Identify the group as one aspect of this, and other aspects will step forward in disappointment/fury/confusion in response to this understanding. It’s intangible. And I believe perhaps its greatest weakness is that it seems to have no idea that it is.
I absolutely believe that there are many who have been part of the million tweets made using this tag who are horrified by the horrendous abuse and criminal attacks that have come from within GG. I know that there are those who identify with GG who have benign aims, and are personally hurt or upset when they see people identifying GG as a misogynist cause, or a cruel, bullying agenda. I appeal to these people to consider whether GG is ever going to be a place that accurately reflects them or their desires.
In our 172nd ever Rum Doings, our topic is what is, considering all the cracks, isn’t it now time to admit that paving stones are a noble failure which should be abandoned?
We talk about how microwaves enhance baby learning, Nick’s food fight with a primary school, and John’s disgust with the awfulness of Doctor Who.
There’s then chat about American late night talk shows, British attempts at them, and then some TV and book recommendations.
You are of course required to leave a review on iTunes. Thank you to everyone who has – there are some extremely generous comments up there.
Or you can listen to it right here:
Today the Sunday Mirror has a strong scoop. A male freelance journalist, posing as a young female Tory activist, managed to hook a Tory MP into sending explicit photographs of himself, and trying to arrange to meet ‘her’. The journalist then gave this story to the Mirror, who contacted the MP – he denied ever having heard of ‘Sophie’. So they contacted Downing Street with the evidence, who promptly released a statement saying the MP was stepping down immediately.
But ho boy, if a story involving technology isn’t a tricky pickle for the UK press to cope with. The conversation between Brooks Newark and ‘Sophie’ began via Twitter, moved on to Facebook, and then eventually to texts. However, the photos they exchanged were sent via WhatsApp. Here’s how that’s been understood by today’s newspapers, trying to hop on the scoop.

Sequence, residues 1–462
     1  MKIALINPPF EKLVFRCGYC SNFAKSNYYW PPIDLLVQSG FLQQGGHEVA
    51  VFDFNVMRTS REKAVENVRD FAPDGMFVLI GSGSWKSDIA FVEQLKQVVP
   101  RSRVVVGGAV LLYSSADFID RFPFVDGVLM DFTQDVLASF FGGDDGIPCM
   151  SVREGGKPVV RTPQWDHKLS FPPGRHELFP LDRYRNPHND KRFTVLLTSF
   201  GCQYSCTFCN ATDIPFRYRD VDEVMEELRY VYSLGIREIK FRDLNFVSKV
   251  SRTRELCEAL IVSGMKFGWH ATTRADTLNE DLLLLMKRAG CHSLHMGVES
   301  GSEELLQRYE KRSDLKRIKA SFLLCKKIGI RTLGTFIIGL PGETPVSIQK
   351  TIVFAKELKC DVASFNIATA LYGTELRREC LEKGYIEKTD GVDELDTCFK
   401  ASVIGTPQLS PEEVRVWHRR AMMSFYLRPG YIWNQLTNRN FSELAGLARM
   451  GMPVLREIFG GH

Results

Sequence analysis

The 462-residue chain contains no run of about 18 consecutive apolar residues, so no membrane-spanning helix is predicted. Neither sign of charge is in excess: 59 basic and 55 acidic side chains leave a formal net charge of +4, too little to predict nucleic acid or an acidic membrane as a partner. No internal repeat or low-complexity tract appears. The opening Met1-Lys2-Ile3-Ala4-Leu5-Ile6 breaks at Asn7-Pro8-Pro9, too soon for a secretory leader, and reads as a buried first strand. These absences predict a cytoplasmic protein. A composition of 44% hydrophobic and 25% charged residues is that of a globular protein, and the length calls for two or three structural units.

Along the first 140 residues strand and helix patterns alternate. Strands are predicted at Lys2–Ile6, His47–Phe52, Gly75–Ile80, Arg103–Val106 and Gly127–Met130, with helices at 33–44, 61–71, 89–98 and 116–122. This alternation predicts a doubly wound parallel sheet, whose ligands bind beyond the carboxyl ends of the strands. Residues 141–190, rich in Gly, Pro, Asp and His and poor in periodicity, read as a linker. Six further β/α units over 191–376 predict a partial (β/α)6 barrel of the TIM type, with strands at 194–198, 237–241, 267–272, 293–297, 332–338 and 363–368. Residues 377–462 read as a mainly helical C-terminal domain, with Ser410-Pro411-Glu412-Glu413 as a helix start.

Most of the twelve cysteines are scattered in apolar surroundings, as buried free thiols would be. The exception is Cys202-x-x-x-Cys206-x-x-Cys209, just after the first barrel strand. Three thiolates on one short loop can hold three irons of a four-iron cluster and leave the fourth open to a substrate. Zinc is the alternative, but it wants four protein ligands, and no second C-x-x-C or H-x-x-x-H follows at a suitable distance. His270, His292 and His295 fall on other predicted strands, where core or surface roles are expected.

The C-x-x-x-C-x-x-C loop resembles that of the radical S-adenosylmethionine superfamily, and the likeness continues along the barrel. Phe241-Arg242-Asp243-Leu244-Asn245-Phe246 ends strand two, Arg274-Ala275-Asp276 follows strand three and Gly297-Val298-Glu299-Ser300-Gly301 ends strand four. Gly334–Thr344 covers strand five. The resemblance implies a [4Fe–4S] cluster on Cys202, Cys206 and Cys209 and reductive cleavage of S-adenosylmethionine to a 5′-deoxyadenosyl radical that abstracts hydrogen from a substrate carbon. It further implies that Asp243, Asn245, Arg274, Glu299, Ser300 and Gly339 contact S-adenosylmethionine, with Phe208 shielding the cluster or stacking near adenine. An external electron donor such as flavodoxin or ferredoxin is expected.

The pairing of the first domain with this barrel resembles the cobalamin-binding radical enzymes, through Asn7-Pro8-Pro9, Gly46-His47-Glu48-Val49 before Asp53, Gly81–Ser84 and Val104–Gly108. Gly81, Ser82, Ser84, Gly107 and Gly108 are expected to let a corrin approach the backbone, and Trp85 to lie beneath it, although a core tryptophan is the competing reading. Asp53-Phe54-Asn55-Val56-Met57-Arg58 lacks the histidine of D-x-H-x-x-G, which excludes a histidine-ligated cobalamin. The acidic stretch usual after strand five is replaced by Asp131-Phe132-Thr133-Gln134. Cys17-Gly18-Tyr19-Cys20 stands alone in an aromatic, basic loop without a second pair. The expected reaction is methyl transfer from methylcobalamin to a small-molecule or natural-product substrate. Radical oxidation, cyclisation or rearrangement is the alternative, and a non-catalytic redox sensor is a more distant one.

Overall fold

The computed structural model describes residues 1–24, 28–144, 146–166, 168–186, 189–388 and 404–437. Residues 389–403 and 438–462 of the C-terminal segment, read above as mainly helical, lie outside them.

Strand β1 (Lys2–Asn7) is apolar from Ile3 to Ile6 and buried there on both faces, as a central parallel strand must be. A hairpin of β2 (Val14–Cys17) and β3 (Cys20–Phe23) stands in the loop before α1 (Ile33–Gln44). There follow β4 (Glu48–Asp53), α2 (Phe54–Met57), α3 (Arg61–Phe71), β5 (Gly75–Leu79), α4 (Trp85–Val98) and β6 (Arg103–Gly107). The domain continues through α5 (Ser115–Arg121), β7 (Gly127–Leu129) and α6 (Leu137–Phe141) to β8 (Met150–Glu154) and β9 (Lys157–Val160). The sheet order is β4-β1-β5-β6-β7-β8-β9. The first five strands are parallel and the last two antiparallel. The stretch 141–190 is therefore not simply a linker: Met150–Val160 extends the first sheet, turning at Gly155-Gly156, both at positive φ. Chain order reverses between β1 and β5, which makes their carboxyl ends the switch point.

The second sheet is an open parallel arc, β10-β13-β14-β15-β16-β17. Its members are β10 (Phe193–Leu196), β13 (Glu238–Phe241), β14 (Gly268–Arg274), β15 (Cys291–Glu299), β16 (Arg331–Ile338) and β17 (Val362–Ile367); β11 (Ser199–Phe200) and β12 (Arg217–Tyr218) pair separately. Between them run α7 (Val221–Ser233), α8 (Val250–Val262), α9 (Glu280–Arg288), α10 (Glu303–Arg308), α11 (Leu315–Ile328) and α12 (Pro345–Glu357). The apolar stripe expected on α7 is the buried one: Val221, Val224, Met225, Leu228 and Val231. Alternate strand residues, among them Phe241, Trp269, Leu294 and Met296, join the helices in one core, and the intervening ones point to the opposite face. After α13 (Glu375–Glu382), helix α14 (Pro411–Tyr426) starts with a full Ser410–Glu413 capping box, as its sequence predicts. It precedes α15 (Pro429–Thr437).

Here’s the Mirror’s front page headline:
In the wake of another really horrifying social media attack on a few individuals – some I know, some I don’t – I find myself needing to process the way it works. The awfulness of what is done, and just how frighteningly proficient are the organised attackers.
In this particular story, an angry ex-boyfriend has made public a huge screed of personal information about his former girlfriend, along with a long list of accusations. These accusations crossed my path when they included claims that someone I employed had behaved inappropriately. There was no evidence provided for these claims, and indeed no examples of the suggested corruption have ever existed. I assume much else was untrue or twisted too, but it’s absolutely none of my business. What I was in a position to know about, I knew was entirely false.
Yesterday the woman involved had her Twitter and Tumblr hacked, her personal information including phone numbers, family phone numbers, street addresses and PayPal information made public. She has received unending abuse on all channels, including to her personal phone and address. People close to her have received similar abuse. People who have made it clear they are against the abuse have received small fractions of the abuse too. There is, without question, a huge amount of abuse to go around. The thing is, it’s not from a huge number of people – they’re just exceptionally good at making it look as though there are.